Why 5-Star Reviews Aren’t Best For Business

Lois Bell | November 26th, 2018 | Read Time: 4 mins

From hotel and restaurant bookings to fashion and beauty purchases, online reviews have become par for the course. In fact, research has revealed that they now impact purchasing decisions for over 93% of consumers and 85% of us trust them just as much as personal recommendations; proving they are more important than ever.

Not only do online reviews have a direct influence on conversions, but they also impact a business’s local SEO performance. According to Moz’s 2018 Local Search Ranking Factors report, ‘Review Signals’ are considered one of the most important factors (making up 15%) in determining whether or not search engines will list a business in the ‘Local Pack’. In fact, customer reviews are only surpassed by ‘Link Signals’ (16%) and ‘Google My Business Signals’ (25%) in terms of their influence over local rankings.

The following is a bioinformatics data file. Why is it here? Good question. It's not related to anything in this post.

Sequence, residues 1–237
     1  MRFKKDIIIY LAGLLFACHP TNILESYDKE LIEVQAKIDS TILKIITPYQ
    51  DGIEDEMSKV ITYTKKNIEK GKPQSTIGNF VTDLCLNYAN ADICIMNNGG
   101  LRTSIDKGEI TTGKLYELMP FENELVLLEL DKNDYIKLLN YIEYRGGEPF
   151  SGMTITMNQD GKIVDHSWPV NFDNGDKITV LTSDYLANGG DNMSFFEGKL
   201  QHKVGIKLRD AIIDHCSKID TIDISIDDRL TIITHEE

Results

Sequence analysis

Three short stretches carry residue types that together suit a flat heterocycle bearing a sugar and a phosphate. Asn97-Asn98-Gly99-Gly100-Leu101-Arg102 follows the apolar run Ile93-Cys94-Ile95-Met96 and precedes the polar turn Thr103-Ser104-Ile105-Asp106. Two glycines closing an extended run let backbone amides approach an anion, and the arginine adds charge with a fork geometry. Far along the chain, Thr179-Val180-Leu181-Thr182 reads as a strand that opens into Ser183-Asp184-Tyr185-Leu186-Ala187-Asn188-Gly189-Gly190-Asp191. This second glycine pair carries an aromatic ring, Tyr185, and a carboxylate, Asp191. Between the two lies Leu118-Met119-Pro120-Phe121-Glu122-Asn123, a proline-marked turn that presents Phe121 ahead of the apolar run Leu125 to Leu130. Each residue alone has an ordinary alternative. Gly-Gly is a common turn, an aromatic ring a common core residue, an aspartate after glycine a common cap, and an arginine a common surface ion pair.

While their necessity is evident, many ecommerce retailers will be interested to learn that perfect, glowing reviews aren’t always the best. In 2016, Northwestern University conducted a study into how reviews influence sales, and it revealed that five star reviews are often considered ‘too good to be true’. What’s more, across product categories, they found that purchase likelihood typically peaks when a product or service rating is between 4.0 – 4.7 stars, and then begins to decrease as ratings approach 5.0.

5 star reviews

More recently, the Harvard Business Review published a study by Daniella Kupor and Zakary L. Tormala which supported Northwestern’s findings. The results echoed the concept that moderately positive reviews are more persuasive than extremely positive reviews – largely because potential customers perceive them as more thoughtful, and therefore more accurate or helpful.

Based on these findings, when developing an effective online review strategy, retailers should focus on generating a handful of reviews for all products; prioritising those that currently have zero or a low number of reviews. Send follow-up emails to customers to encourage them to share their honest feedback on the product or service with others. Secondly, don’t exclusively cherry-pick the strongest positive reviews to publicise; learn to love the moderately positive reviews in order to establish validity and trust.

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